Firstly, what exactly is ‘the method’? Basically its a way to present the hook bait next to a tight area of feed without being too complicated. By using a ‘method feeder’ and a short hook link, anglers are able to guarantee that the hook bait is with inches of free offerings. If the fish find the attractive freebies, then they are almost certain to pick up the baited hook!
‘The method’ will catch most species of fish, but is commonly used to target carp, bream, barbel or tench. To decide how to fish this technique, it is worth considering several factors. Waht are you fishing for? Match carp? Specimen carp? Or maybe barbel from the river? Waht distance do you intend fishing at? Depth and temperature of the water, colour of the bottom, colour of the water, weed, silt, clay, hook baits, groundbaits and feeding patterns all need to be challenged as any one can affect just how good ‘the method’ will be...
The tackle used can be very simple; a strong rod which may be a quivertip or carp rod, a suitable reel, the feeder, rig tubing, tail rubber, hook length material and hook. There are endless variations, but the basics remain the same throughout each set up. If we consider the feeder itself, it may have elastic running through it to attach the hook link, it may be a coil, it may have a flat weighted side or it may be a ‘finned’ feeder. All have the same function; to provide a frame for a stiff mix of groundbait to adhere to. The feeder you choose should reflect the rod and reel you are using; there is little point trying to cast a loaded feeder weighing in excess of 5 ounces with a light quiver rod and float reel. Smaller feeders can be used with lighter rods, but obviously for bigger weights, then a stronger rod such as a carp rod is in order. The rig tubing is there for the same reason as in any other rig; to protect the fish and prevent scale damage as well stop tangles and help the rig lay flat on the bottom. The tail rubber joins the feeder to the tubing and helps keep everything tidy, then the hook link can be tied on.
The photographs show a ‘fox’ carp feeder tied to a braided hook link and size 8 ‘fox’ hook. The pictures show in what order the components are placed on the mainline, then how they fit together to provide a safe, tidy rig. If the mainline should break or fail, then all items are released into the water and will not result in a tethered fish. This is the most important aspect of the set up; IT MUST BE SAFE!
When the tubing, tail rubber and feeder are all fitted together, the mainline passes through the centre to a swivel at the base of the feeder; it is important that the swivel cannot pass back through the feeder . The hook link is then attached to the other side of the swivel to complete the rig. Before any groundbait is moulded to the feeder the swivel must be pushed into the base of the feeder as this provides the ‘bolt effect’ which is what makes this method so effective. The swivel must be matched to the feeder to ensure a snug fit, but not too tight that it jams. The ‘fox’ feeder takes a size 8 rolling swivel which sits just inside the feeder as shown. If the bait is ‘hair rigged’ then the fish will suck the bait in, the hook will turn into the bottom lip, and the fish will ‘bolt’ as it comes up against the weight of the feeder.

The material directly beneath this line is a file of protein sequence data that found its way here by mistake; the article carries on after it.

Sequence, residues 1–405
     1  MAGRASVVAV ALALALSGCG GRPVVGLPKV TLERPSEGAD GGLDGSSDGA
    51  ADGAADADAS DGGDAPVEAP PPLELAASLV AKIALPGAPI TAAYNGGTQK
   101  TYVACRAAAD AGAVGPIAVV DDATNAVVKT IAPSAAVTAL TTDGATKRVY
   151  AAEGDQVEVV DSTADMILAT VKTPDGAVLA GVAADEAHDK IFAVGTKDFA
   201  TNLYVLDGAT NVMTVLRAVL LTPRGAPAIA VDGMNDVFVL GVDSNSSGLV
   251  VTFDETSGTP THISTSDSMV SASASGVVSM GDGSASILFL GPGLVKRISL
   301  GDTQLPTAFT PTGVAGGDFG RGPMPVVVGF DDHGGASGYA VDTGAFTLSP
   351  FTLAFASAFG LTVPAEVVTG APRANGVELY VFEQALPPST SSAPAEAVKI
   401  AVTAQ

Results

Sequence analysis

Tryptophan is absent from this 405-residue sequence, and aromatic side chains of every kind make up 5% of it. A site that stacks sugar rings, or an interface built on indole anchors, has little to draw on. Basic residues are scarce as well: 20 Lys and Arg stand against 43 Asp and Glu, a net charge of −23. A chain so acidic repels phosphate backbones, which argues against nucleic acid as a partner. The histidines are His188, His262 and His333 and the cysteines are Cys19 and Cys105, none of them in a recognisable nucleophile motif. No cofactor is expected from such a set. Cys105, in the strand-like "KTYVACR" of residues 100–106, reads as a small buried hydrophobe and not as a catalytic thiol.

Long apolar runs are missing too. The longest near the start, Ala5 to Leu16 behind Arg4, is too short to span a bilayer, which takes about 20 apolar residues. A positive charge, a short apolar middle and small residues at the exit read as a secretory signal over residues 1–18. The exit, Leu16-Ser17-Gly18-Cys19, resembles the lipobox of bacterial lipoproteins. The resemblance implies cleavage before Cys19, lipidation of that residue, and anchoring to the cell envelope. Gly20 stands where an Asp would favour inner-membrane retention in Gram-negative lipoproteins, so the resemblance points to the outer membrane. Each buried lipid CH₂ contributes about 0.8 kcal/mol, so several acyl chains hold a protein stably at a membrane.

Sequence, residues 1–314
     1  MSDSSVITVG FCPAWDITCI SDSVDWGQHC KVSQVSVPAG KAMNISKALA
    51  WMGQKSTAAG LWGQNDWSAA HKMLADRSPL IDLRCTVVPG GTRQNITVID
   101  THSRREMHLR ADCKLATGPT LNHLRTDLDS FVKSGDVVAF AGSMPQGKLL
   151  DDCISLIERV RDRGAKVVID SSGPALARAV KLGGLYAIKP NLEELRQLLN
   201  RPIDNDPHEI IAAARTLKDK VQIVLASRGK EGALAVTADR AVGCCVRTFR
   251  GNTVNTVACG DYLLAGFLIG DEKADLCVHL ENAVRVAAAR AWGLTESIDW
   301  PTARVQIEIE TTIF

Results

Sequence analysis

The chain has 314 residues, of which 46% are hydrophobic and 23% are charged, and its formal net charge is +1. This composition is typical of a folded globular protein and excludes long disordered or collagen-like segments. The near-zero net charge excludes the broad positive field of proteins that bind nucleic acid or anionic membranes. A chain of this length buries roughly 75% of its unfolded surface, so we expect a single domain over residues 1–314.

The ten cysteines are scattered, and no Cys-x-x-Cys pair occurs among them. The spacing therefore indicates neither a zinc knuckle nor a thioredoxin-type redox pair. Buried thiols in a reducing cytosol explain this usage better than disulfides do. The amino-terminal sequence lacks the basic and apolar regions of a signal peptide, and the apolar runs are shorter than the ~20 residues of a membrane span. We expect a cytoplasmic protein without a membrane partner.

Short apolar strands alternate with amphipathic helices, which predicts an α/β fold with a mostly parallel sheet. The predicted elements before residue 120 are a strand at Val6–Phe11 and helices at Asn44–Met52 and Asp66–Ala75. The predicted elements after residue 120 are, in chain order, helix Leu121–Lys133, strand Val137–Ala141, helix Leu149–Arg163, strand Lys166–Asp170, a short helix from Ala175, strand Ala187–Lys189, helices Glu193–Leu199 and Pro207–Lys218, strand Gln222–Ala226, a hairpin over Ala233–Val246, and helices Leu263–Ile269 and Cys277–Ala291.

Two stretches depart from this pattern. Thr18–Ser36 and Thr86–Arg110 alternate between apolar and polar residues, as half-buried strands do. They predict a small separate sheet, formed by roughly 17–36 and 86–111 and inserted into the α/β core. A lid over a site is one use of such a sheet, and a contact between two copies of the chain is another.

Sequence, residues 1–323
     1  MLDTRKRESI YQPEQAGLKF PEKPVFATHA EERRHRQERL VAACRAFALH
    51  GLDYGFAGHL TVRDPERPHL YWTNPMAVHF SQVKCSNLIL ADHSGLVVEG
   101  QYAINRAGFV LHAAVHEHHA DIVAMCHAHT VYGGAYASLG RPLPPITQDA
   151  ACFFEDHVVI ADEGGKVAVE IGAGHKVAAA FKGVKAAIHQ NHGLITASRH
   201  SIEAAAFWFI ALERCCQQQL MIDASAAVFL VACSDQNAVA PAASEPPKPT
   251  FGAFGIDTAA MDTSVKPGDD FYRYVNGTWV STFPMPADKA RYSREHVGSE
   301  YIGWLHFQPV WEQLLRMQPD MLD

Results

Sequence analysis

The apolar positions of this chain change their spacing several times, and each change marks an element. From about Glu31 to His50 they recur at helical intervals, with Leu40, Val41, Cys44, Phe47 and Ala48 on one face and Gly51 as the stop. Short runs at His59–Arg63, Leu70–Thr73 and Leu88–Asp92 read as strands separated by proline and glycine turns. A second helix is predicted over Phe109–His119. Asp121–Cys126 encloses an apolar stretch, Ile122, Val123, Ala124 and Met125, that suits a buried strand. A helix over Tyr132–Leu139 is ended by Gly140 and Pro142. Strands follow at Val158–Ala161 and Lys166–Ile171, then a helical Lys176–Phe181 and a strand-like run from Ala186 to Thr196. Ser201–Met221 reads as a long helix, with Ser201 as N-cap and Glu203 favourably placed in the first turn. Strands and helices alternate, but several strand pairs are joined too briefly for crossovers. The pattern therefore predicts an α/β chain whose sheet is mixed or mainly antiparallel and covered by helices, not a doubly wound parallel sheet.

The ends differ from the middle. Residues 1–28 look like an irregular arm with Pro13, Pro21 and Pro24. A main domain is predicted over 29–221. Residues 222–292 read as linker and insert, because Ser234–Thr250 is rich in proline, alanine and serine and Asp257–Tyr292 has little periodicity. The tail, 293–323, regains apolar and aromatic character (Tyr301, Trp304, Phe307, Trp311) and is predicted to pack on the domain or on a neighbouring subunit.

The next essential part of fishing ‘the method’ is the groundbait used. It must be stiff enough to stick to the frame for some time and survive the cast without breaking up; this encourages the fish to ‘attack’ the feeder in order to dislodge the bait. Ready made method mixes can be obtained from tackle shops or you can concoct your own which can be tailored to suit the situation. A good starting point is a basic crumb mix with a few freebies in; this means the only ‘real’ bait is on the hook! If the fish are very competitive, more free offerings can be added to keep them interested. Try to match the freebies to the hook bait; put corn steep liquid into the mix when using a corn hook bait, dead maggots (don’t break up the mix) when using wrigglers on the hook or mini pellets to match a bigger pellet hook bait. Be careful not to overfeed the fish as you want them to fight for your hooked offering! If adding liquid flavourings, remember to add the liquid to the water before adding the water to the mix to ensure the scent is properly distributed and it helps prevent ‘clumping’.
Hook baits should ideally be ‘hair rigged’. This allows a much better chance of the bait being taken properly. It can be presented outside the ‘method ball’ (of groundbait) or pressed into the edge of the feed mix. By burying the bait into the groundbait, the fish are less aware of the hook and this can result in savage takes!
Bite indication is generally fairly obvious....if using bite alarms, a few bleeps may as the fish disturb the feeder followed by a screaming ‘run’ as the fish bolts across the bottom. If quivertipping, a ‘knock or tap’ precedes the tip wrapping around as the fish is hooked. Rods get pulled in using ‘the method’ so make sure you stay close!
To finish, ‘the method’ can a very good way to catch a bonus fish in the depths of winter, or to get multiple catches on warmer days. Fished correctly in the right area, with the right bait, and the right tackle, it can provide a real ‘red letter’ day to remember!
Clint Walker, January 2010
Baited Method Feeder, Ready For Casting